BUTTERFLIES IN the stomach. Or was ‘abdomen’ medically more correct? Whatever it was, a rabble of them was fluttering in my stomach as I entered my friend Rajesh’s car. He had come to pick me up. This was to be our first day at medical school.
‘Hi,’ he greeted me with a light-hearted wave. I was surprised at his poise. The man looked totally relaxed. I tried to hide my ashen face and trembling hands. They were so cold and wet that I couldn’t offer them for a handshake.
‘Man, today – the first day. Oh my god, I can’t wait,’ Rajesh trilled like a schoolgirl with an ecstatic grin on his face, as if it was his wedding night or something. I felt like hitting him.
I glanced at Aswin, our common friend, standing on the other side, and was gratified to see that his face was an appropriate green, and his smile lopsided with badly disguised terror.
He had a baby face and studious eyes framed by thick, round glasses. Noticing my eyes on him, he started chattering about some books he had bought for the first year.
‘Biochemistry is easy, I think. Anatomy – that is the issue, heh, heh.’
I resisted a strong impulse to catch him by the throat to prevent him from speaking non-stop. Studies were the last thing on my mind.
‘All of them are easy, man’ Rajesh countered. ‘The right technique of study is important. If god is with us, MBBS will be a breeze.’
He had a superior air about him. I shot him a look of pure hatred. Wasted on the bugger, of course. He was a geek, and had the hide of a rhinoceros.
Lately he had become especially religious and god-driven. These two were my closest friends. I remembered them as normal schoolmates two years back.
They had changed a lot since then. As for me, I felt normal enough, but that could be an illusion.
You see, all of us had worked our asses off to get into the prestigious medical school. But why did we do that? What was our motivation? I can tell you mine.
What else was there for a reasonably bright and ambitious youngster to aspire to, in the nineteen eighties, who was not interested in or skilled enough for mathematics? I was passionate about Biology and, those days, the only choices we had were medicine, dentistry, veterinary sciences, and agriculture. Pure science was taboo. There were no jobs. No future there.
As for my friends, I don’t know. You generally don’t ask your friends about their personal choices. Not at that age.
Even though our reasons were nebulous, we had worked ourselves to the bone. We had read till our eyes bubbled with tears, written till our fingers ached, and done complicated physics equations till our minds became numb with the effort.
For the past two years we had stayed up nights, and woken up early, to stagger in like zombies to Prof. K.C. Mani’s coaching classes every morning at seven.
The professor’s crisp, matter-of-fact voice rang in my ears. ‘Why should you study? Why should you strive hard to become doctors or engineers? You need not do it. But consider the alternatives. What else can you do? You might consider business. You could be an entrepreneur or an industrialist. But it needs cash for initial investment. Even if you start at the bottom, it requires persistence, prodigious energy, cunning, and skill. Besides, there is risk. There is no guarantee you will reach your goal. After putting in all the effort, you might fall flat on your face. The competition is fierce. So, to do a job-oriented course is the only way out.’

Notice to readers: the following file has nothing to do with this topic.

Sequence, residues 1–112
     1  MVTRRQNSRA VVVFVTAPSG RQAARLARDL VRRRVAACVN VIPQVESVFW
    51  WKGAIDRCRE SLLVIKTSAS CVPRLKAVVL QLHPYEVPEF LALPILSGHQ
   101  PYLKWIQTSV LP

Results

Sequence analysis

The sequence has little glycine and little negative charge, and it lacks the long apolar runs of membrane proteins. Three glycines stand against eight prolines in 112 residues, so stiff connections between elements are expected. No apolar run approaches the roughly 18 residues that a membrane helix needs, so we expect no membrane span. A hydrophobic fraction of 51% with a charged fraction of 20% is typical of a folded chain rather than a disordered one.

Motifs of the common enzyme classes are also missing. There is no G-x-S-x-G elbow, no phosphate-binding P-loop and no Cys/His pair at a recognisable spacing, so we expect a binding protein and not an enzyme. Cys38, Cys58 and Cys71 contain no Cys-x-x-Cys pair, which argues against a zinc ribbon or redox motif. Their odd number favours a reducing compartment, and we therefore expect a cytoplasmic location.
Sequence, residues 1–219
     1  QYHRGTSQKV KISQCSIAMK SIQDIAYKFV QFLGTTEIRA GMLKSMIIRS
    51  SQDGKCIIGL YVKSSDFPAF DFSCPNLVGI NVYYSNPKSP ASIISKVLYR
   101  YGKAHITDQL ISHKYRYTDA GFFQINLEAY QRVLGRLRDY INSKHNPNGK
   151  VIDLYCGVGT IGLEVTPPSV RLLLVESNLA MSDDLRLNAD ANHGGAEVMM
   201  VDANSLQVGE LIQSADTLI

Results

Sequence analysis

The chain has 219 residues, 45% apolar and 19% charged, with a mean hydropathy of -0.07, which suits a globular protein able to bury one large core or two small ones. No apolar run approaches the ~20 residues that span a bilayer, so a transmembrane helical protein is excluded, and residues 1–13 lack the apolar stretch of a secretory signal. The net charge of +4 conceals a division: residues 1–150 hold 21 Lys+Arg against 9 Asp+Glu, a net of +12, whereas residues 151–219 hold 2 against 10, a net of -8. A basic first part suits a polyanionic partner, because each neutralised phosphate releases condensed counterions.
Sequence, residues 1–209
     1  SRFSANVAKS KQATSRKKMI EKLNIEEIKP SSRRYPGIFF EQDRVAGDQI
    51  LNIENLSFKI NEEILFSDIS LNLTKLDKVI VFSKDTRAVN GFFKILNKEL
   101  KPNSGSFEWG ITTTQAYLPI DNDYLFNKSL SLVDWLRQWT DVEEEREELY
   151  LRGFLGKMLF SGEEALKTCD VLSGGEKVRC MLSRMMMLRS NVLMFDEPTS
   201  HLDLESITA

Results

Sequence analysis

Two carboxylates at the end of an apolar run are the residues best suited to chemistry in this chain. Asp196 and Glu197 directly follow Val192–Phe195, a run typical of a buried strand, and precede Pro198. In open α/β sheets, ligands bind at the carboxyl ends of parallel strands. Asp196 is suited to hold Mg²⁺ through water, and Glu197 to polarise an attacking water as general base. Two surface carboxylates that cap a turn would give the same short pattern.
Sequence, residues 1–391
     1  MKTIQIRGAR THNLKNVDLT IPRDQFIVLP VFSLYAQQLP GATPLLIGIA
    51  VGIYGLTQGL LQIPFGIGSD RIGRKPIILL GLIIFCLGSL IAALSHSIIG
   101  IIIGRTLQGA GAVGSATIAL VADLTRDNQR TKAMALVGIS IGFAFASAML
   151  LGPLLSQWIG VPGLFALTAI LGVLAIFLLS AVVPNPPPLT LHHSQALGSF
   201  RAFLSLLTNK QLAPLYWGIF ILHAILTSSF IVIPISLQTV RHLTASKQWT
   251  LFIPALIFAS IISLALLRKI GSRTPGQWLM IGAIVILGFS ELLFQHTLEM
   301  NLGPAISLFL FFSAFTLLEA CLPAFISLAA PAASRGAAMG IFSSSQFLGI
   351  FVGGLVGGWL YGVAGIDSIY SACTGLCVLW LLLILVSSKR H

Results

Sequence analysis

How practical! How wise! None of that self-realisation, follow-your-dream, realise- your-destiny kind of bullshit.
‘What a load of baloney,’ Arun Kumar, our classmate, had exclaimed rebelliously. I knew he came to the coaching classes only because of his parents, who had vowed to mould him into a doctor.
‘You stop any expensive car on the road, man,’ he continued, brushing away the wild hair which kept falling into his eyes. ‘I will bet my ass, eight out of ten people in them will not be doctors or engineers.’
It was an intriguing thought. At least eighty percent of the people who were rich enough to afford expensive cars (1989, remember) were neither doctors nor technically qualified people. Who were they? What mysterious trades did they ply? What had they studied at college?
All these questions remained unanswered, as we never got around to carrying out the experiment. Apart from the technical difficulties associated with stopping cars on the roads and asking questions, we were too busy trying to become doctors.
The familiar potholes on unfamiliar terrains jolted me out of my reverie. We had left the town of Trichur and were approaching the outskirts.
About ten kilometres away from the city, as we moved away from the highway to Wadakkanchery, Rajesh’s faithful driver suddenly took a sharp ninety-degree turn into a side road and stopped. There was a railway crossing and the gate was shut.
‘Closed, as always’ he said. I can now attest to the truthfulness of that remark, since we would encounter that railway gate again and again almost every day for the next five years.
After twenty minutes or so, the gate opened after the train had passed, and our car jolted along slowly on a much narrower road. There was a subtle change in the surroundings. We were now in an almost deserted countryside.
Thick trees and shrubs lined the road, along with occasional small houses. Another turn saw us on an uneven path made of mud and stone. The surroundings slowly began to resemble the evergreen jungle I had seen at the wildlife sanctuary in Thekkady during a holiday trip.
Houses became fewer and fewer and, finally, almost disappeared. Just as I thought the driver had lost his way, and that we were heading towards the deep forest, the road widened a little.
In front of us were two enormous granite pillars straddling the road, with an arch over them: MEDICAL COLLEGE, TRICHUR, the board proclaimed in plain but bold print. We stood transfixed. I could feel my heart beating furiously in my chest. Aswin’s adam’s apple bobbed up and down as he swallowed twice. ‘I have to pee,’ he said.
‘Better do it here,’ said Rajesh, getting out of the car. ‘The seniors will probably catch hold of us, and may not let us do even that, ha ha.’ He smirked in an offensive manner.